What are they like inside?
Tall drivers might find the Mazda MX-5 cramped, but everyone else will be perfectly comfortable – at least to start with. While there’s no reach adjustment for the steering wheel, the driving position is otherwise pretty good, but the narrow seats don't offer much lower back support, so aches can set in on longer drives.
The Toyota GT86 feels appreciably bigger inside, and there’s more adjustment in its driver’s seat. The steering wheel adjusts for reach, too, and the seats also hold you in place better during hard cornering.
Mind you, the MX-5 has the smarter interior. The GT86’s cheaper-feeling dashboard plastics and low-rent LCD displays make it feel like a throwback to the 1980s.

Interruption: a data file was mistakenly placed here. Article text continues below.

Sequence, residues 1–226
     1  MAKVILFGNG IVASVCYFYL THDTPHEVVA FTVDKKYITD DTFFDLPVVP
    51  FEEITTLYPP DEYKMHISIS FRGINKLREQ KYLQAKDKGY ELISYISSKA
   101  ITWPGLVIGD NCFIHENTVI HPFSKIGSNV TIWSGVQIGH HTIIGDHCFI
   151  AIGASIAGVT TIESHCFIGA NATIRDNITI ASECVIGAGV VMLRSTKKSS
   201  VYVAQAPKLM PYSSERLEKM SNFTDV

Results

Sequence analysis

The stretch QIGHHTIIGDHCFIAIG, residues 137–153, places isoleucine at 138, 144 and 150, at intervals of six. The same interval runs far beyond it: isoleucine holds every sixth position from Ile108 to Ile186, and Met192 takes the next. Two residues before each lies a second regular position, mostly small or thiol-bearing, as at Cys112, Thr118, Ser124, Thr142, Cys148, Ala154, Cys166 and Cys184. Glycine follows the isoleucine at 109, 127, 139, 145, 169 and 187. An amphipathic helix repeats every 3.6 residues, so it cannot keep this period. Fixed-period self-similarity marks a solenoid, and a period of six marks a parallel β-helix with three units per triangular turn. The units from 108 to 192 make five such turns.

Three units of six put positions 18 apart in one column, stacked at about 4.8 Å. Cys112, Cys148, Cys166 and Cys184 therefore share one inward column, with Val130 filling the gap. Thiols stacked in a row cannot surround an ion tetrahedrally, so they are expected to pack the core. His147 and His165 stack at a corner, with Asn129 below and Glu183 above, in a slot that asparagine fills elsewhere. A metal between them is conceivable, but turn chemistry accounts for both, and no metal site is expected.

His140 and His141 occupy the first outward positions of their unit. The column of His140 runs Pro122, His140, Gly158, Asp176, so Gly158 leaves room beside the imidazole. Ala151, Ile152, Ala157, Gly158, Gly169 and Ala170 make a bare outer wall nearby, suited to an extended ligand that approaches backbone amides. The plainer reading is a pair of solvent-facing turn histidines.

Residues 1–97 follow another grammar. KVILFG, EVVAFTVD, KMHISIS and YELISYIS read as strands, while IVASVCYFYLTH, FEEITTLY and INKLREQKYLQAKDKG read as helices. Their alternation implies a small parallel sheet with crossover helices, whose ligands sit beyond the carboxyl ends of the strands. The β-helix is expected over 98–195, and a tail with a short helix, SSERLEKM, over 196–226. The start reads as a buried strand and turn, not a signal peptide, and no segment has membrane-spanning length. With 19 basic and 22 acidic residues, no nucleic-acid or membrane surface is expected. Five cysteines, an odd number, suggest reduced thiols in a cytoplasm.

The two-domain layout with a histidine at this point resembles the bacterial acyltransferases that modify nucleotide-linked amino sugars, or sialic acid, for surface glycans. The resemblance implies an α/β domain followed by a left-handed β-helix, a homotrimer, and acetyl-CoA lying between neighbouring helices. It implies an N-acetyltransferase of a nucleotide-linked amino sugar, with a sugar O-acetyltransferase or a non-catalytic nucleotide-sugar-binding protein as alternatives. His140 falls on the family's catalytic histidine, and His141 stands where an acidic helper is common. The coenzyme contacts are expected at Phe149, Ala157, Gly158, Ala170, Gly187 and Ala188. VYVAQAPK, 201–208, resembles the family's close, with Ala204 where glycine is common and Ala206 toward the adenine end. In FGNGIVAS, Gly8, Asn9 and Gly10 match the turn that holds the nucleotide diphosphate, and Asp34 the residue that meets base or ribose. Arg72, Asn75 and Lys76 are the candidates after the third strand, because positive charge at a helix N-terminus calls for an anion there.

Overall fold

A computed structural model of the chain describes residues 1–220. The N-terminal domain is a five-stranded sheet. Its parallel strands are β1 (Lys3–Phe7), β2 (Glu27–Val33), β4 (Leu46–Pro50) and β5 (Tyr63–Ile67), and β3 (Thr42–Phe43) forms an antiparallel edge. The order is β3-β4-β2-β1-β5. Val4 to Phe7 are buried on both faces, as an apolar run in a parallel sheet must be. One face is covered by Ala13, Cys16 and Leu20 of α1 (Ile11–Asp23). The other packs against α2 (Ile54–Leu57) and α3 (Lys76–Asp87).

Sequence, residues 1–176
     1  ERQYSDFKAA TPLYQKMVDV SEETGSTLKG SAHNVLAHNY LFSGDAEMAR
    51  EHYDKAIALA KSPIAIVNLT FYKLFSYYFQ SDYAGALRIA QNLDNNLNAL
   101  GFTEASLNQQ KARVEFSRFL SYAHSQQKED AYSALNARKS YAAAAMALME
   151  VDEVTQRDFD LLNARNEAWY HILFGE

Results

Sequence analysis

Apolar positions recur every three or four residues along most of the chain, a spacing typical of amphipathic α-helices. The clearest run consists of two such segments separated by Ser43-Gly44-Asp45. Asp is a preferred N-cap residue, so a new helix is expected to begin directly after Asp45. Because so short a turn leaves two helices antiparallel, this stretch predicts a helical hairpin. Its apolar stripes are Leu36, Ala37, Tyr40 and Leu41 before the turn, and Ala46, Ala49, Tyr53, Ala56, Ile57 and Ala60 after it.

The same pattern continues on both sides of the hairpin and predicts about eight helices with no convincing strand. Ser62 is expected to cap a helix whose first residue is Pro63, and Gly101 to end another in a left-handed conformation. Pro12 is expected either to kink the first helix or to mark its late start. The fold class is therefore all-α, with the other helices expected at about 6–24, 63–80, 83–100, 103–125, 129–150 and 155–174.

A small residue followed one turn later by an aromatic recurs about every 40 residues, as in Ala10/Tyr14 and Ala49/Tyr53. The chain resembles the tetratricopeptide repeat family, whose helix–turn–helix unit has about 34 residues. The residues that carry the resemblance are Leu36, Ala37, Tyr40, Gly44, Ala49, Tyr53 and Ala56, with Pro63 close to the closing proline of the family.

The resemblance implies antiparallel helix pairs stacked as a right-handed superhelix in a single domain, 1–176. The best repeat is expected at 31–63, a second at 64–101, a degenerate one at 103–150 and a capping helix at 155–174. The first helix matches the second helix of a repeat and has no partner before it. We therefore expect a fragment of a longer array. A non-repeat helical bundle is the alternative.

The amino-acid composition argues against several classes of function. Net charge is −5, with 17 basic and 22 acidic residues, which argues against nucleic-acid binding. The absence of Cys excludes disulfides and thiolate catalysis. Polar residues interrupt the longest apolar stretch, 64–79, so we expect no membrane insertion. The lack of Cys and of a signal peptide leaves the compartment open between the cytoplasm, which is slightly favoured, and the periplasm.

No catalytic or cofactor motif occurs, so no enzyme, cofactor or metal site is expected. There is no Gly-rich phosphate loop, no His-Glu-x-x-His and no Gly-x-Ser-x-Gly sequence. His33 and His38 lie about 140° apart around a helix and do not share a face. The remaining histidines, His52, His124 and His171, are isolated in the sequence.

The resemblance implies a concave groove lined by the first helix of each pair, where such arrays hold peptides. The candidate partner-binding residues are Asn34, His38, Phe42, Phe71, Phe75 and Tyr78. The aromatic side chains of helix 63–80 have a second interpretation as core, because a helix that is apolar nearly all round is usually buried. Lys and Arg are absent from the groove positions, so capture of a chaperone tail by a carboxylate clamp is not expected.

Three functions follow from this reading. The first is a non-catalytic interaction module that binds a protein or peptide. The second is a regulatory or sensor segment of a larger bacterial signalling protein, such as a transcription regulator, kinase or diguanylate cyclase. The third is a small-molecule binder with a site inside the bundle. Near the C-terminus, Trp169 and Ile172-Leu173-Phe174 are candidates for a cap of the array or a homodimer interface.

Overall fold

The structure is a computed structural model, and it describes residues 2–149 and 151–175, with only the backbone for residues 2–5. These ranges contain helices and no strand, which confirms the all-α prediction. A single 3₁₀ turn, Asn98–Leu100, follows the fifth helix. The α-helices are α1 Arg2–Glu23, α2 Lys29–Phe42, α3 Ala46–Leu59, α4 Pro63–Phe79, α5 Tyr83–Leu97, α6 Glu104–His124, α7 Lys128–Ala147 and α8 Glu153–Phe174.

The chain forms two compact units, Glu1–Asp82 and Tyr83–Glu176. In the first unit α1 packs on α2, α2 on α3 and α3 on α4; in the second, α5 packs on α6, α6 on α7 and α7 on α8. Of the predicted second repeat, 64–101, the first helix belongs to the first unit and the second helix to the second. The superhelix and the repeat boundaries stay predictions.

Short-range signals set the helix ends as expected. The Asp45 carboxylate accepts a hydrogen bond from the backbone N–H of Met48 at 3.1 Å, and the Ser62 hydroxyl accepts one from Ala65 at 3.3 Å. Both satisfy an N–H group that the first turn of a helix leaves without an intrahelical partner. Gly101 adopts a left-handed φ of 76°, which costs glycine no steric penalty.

By contrast, the MX-5 feels thoroughly modern inside, with good ergonomics. As the name suggests, SE-L Nav trim adds an excellent sat-nav unit to the infotainment system, which is controlled by a rotary dial between the front seats; the touchscreen in the GT86 is nowhere near as slick.
There’s not much storage space in the MX-5 which, unlike the GT86, lacks door bins or even a glove box. There is a small, lockable cubby between the two seats, with small storage spaces just behind them.
While the MX-5 is strictly a two-seater, the GT86 will technically carry four. In reality, its back seats are better used as extra storage space, although a couple of small children will fit.
That and a decent-sized boot make the GT86 a relatively practical proposition by sports car standards. The MX-5’s pokey boot will only hold a couple of weekend bags, so be prepared to pack light.
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